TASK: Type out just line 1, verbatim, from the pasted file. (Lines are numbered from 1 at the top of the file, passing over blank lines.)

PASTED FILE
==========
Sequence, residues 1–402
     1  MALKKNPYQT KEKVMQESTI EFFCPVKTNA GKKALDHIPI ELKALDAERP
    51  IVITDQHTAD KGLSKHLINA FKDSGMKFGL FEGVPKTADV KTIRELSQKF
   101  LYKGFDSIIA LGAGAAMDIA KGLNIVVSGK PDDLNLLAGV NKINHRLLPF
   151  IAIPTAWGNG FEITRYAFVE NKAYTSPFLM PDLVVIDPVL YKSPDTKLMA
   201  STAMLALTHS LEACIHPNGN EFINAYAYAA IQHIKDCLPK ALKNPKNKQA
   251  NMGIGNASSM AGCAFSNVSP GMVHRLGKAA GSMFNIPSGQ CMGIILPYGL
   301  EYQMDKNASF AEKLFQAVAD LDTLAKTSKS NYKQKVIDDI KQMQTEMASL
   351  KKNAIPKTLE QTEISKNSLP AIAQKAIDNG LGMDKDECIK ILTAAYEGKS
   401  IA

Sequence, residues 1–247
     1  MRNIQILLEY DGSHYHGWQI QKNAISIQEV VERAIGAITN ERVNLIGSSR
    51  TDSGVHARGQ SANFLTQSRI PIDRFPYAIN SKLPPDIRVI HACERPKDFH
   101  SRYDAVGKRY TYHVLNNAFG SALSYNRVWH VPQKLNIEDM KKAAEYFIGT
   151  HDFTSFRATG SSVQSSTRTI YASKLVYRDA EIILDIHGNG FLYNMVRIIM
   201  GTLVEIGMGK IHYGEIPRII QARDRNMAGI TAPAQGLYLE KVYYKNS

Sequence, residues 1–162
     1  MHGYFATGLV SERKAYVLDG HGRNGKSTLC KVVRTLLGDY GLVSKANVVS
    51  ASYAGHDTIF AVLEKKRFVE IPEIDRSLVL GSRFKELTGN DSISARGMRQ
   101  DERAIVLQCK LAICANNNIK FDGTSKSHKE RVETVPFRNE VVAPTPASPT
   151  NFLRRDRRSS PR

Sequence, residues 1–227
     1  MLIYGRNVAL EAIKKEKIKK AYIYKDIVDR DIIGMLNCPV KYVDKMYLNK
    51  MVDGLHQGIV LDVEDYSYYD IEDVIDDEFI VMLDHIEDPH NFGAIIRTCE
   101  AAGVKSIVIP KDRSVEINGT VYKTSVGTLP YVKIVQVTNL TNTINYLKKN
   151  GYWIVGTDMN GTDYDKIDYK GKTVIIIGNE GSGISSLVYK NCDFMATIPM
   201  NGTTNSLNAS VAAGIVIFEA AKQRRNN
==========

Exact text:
Sequence, residues 1–402